It is fun to ponder the many implications of Galatians 4:4, “But when the fullness of the time had come, God sent forth His Son, born of a woman, born under the law….”
The timing of the first advent of Christ was perfect in every way. The Old Covenant had run its course and the people of Israel had received proper preparation. John the Baptist had been born six months earlier. The Roman Empire was prepared not only for the crucifixion of Christ but also the propagation of the gospel and expansion of the church. The predominant Greek language was ideal for the writing of the New Testament. Mary, the chosen mother of Jesus, was at the right age and at the right place at that very time. So the list could go on almost endlessly of all the factors God put in place to make that the perfect moment in history for the appearance of Jesus.
Scripture also indicates that God’s plan includes a perfect moment for the return of Christ for His church. When we reflect on the verse, “But of that day and hour no one knows, not even the angels of heaven, but My Father only,” (Matthew 24:36 NKJV) we tend to focus on the fact that no one can know the day and hour, but notice that this verse also affirms that the Father knows, that is, He already has identified when the exact fullness of time will arrive for the return of the Lord.
Shortly before the ascension of Christ His disciples asked Him, “Will You at this time restore the kingdom to Israel?” He responded, “It is not for you to know times or seasons which the Father has put in His own authority.” Though the schedule was not theirs to know, the passage assures us that God has the timing all planned.
It seems that God has a plan for a lot of things. In fact, from the promise of Scripture that God is working all things together for our good we get the impression that there are not too many loose ends to God’s program.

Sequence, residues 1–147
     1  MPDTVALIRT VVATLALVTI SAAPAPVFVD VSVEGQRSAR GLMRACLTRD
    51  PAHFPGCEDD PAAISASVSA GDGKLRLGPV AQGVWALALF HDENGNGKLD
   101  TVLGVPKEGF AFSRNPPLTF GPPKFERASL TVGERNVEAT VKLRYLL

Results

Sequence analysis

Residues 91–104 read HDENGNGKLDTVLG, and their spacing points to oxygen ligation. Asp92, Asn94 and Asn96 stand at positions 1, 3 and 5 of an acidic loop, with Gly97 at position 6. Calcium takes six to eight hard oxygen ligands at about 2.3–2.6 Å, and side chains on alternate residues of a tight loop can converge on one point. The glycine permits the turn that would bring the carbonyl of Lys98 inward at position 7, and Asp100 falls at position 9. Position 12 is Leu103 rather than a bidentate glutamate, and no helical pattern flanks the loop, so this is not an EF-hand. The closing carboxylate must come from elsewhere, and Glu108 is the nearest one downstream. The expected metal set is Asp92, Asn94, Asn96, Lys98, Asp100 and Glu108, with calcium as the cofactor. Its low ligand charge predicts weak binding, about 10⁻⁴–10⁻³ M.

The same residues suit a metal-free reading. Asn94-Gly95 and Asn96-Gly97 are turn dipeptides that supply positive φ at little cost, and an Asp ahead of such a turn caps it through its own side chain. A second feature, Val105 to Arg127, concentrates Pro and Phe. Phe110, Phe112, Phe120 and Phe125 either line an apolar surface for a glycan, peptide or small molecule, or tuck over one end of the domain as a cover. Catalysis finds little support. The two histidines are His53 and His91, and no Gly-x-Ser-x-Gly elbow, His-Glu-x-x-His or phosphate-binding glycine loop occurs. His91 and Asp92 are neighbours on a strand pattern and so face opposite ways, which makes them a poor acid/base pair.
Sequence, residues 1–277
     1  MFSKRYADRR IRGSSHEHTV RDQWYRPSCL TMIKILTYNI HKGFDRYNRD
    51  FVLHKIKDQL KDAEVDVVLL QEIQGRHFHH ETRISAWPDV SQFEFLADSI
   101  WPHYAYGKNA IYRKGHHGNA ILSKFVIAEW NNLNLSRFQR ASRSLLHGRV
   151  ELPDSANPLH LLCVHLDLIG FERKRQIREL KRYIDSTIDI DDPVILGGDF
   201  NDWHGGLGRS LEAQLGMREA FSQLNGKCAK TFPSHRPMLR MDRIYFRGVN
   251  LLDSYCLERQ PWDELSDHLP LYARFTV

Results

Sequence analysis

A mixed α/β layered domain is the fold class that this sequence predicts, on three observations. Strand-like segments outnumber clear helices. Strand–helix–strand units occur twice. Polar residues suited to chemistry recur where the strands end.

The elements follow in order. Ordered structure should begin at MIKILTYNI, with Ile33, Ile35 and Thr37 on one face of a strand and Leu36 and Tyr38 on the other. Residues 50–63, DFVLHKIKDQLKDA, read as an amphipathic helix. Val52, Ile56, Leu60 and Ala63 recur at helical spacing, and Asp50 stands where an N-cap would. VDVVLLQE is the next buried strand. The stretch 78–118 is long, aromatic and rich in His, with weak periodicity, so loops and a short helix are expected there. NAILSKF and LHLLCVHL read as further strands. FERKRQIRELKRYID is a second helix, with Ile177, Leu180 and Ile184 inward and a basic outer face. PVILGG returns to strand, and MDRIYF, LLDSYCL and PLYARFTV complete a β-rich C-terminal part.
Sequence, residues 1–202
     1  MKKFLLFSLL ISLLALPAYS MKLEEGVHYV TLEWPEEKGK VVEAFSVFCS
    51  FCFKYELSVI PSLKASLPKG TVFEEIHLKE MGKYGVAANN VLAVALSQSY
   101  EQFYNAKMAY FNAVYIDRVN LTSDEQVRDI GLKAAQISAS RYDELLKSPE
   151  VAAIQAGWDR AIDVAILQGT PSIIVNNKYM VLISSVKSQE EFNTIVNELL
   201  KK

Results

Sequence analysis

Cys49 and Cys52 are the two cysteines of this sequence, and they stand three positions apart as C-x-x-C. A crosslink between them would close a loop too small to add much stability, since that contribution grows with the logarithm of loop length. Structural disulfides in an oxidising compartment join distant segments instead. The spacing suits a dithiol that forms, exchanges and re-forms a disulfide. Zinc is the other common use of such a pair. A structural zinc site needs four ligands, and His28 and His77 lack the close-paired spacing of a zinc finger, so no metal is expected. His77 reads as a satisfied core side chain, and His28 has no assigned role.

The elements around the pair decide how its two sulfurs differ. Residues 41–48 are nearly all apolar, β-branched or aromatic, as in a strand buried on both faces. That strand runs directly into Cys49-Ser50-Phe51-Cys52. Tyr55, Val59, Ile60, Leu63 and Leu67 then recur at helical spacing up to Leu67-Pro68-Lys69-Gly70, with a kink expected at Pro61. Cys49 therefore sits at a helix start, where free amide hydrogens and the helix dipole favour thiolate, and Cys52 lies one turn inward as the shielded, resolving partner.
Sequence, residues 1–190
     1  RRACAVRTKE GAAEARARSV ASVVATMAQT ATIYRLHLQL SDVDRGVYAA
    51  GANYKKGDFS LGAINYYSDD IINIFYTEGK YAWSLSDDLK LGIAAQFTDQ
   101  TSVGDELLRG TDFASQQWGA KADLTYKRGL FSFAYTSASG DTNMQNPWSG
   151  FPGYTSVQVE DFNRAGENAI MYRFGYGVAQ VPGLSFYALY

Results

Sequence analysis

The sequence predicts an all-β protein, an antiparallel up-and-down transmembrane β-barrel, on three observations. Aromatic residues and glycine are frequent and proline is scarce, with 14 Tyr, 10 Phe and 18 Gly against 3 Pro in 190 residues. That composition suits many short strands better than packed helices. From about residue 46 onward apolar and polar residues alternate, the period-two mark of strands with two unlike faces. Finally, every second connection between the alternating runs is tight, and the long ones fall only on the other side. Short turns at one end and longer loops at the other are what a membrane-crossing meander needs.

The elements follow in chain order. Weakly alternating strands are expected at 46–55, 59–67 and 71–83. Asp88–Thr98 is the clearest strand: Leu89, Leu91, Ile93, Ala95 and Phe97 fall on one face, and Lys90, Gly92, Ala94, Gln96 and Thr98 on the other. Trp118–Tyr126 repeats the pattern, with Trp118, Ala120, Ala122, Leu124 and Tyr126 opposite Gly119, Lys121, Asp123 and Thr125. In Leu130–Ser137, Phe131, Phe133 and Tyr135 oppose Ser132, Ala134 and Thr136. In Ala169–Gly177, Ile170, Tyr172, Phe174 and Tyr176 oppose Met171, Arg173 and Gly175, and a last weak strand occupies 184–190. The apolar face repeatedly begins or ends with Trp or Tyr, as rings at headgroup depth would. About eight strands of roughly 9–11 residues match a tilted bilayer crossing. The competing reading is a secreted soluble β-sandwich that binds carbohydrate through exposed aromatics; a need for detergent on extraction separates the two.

Therefore, the Christmas story is a great reminder that God has a comprehensive program for history and that He has not forgotten us in His plans.
I need that reminder at times. For example, I sometimes bemoan the fact that my whole adult life has been spent during the era when the sixties philosophy has dragged America into moral degradation. It has been unpleasant to be on the cultural losing side most of my life. I have to remind myself of the rhetorical question with which Mordecai queried Esther, “(W)ho knows whether you have come to the kingdom for such a time as this?”
As we walk with the Lord through life, some situations may leave us with the impression that God is running late. His timing might not seem at all perfect but instead perfectly wrong—very untimely. But as we anticipate Christmas, remember that just as Christ entered history in the fullness of time, so did you. When our timing seems to be off, we can be assured that God’s is not.
Maybe that is part of what the writer of Hebrews was referencing when he wrote about, “Entering into His rest.” Because our lives are played out in the fullness of God’s time, we can rest in the truth of the chorus, “In His time, In His time, He makes all things beautiful in His time.” Might that comforting truth make your Christmas a little merrier.